While working on an extensive restoration project at the world-renowned Uffizi Gallery in Florence, a couple of construction workers happened upon two Renaissance-era treasures: a pair of frescoes depicting none other than Duke Ferdinando I de Medici and his son Duke Cosimo II de Medici, both of whom ruled over Florence in the 16th and 17th centuries, respectively. The two long-lost portraits had been covered up by plaster sometime during the 18th century, which was not unusual during that period of time.

The Uffizi, which translates to “offices” in Italian, was originally built for the Medici family to house additional workspaces for Florentine magistrates. The uncovered portrait of the young Cosimo II stands in the west wing over an archway in one of the rooms formerly used as a government office, with the portrait of Duke Ferdinando a few doors down. Thought to be the work of prolific Florentine fresco painter Bernardino Poccetti, the young Cosimo is depicted in full length, with female figures at his feet, allegorizing his conquest over the nearby city of Siena.

The precious frescoes were uncovered from the sheath of plaster during the ambitious Nuovi Uffizi project, which plans to add over 21,000 square feet of space to the museum, freeing up a total of 43 additional rooms, and adding numerous new pathways. The expansive restoration has also proven to be a continuous treasure hunt, as additional archaeological research has led to wide-ranging discoveries, from deposits of ceramics to medieval-era animal and human bones beneath the museum grounds. “It’s amazing how this building was adapted to new needs down the centuries,” Eike Schmidt, the German director of the gallery commented to The Times. “Each room tells a fascinating story.”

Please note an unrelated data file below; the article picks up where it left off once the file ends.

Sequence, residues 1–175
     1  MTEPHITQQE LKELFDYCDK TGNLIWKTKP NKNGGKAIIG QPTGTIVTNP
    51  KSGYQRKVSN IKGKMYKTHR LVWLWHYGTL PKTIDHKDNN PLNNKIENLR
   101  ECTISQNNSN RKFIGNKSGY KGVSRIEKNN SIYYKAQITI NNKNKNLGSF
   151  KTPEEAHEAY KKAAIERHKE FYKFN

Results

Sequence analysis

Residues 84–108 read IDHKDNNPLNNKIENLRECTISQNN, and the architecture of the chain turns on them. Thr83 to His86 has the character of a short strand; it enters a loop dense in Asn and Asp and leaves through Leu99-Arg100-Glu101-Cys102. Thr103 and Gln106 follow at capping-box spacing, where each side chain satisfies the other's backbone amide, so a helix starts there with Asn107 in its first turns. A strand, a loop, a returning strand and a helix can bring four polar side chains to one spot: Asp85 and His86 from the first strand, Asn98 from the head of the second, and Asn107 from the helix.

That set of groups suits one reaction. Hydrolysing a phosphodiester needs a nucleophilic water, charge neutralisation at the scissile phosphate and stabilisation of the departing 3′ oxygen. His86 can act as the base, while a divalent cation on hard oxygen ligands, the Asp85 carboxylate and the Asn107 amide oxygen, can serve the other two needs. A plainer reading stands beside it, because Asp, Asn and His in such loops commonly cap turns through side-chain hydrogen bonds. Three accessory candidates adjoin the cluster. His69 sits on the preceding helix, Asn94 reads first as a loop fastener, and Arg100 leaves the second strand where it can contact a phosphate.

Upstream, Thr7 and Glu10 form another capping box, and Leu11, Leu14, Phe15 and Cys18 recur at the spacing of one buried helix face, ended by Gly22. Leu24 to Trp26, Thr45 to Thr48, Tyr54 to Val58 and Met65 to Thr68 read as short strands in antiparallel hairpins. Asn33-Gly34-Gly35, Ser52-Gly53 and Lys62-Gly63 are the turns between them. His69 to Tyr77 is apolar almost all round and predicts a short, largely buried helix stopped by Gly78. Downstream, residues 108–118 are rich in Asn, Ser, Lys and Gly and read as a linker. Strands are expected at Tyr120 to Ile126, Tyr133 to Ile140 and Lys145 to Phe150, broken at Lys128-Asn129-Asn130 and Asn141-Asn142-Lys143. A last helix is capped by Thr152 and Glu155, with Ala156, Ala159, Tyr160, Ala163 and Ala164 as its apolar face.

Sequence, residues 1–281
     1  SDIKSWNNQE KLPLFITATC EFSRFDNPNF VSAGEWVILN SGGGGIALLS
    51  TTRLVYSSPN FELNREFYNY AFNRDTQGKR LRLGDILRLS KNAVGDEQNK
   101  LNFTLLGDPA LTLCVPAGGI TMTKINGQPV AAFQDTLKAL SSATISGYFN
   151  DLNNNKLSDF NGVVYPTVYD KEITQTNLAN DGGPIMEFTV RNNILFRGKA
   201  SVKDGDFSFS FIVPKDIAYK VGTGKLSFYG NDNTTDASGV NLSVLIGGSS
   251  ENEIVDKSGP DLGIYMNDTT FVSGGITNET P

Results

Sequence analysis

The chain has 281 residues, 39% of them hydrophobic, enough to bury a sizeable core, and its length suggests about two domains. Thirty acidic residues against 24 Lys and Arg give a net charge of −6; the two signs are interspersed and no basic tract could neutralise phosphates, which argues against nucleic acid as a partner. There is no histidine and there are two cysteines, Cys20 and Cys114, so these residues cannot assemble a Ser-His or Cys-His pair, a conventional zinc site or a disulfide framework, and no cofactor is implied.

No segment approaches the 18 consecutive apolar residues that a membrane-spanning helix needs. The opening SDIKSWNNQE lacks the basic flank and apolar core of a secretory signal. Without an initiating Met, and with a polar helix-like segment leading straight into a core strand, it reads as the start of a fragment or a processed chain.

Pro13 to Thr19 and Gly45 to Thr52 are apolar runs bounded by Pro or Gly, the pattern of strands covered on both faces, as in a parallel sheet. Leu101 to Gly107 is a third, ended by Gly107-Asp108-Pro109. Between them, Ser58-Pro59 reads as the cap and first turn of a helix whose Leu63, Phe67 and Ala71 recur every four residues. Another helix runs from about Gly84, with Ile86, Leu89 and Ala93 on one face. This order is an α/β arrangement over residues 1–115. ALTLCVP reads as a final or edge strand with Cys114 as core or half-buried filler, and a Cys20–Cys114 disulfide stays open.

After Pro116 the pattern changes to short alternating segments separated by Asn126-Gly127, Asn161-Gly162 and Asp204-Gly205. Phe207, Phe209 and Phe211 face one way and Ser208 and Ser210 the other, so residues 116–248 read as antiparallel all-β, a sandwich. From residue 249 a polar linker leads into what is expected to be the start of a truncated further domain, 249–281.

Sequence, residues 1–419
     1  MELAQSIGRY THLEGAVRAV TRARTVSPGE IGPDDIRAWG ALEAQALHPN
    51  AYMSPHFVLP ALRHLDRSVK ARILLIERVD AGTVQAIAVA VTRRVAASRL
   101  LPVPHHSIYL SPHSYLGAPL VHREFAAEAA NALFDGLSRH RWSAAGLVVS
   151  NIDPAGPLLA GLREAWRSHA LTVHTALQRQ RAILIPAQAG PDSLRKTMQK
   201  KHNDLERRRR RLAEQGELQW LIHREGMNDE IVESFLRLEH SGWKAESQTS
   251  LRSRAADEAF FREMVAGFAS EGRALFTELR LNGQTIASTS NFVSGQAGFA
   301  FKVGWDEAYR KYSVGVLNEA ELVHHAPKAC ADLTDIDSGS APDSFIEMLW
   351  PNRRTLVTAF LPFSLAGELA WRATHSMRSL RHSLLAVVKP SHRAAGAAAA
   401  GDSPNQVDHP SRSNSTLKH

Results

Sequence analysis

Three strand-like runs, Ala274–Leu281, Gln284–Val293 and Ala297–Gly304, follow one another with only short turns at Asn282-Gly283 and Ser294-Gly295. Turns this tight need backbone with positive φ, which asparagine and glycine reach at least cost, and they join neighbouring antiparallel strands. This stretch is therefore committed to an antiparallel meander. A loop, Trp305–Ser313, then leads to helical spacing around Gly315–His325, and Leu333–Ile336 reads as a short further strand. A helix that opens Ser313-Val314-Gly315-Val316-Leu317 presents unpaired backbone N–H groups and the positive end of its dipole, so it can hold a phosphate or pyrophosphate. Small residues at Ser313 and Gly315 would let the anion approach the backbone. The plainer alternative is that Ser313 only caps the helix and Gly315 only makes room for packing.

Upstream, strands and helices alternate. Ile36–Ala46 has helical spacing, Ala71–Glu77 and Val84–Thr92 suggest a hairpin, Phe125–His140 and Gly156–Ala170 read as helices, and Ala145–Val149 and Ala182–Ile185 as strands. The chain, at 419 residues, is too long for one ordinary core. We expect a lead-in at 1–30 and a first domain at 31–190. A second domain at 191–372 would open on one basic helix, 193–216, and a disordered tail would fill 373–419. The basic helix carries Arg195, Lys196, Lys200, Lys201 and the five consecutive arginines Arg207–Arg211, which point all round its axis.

Beyond the additional space, the Nuovi Uffizi unveiling will include the opening of the Medici family’s restored 16th-century horse stables beneath the museum grounds, as well as a new entrance where the newly discovered frescoes will finally get their time in the spotlight. An undoubtable set of treasures, rediscovered thanks to the construction workers’ efforts.

This post was originally published on Architectural Digest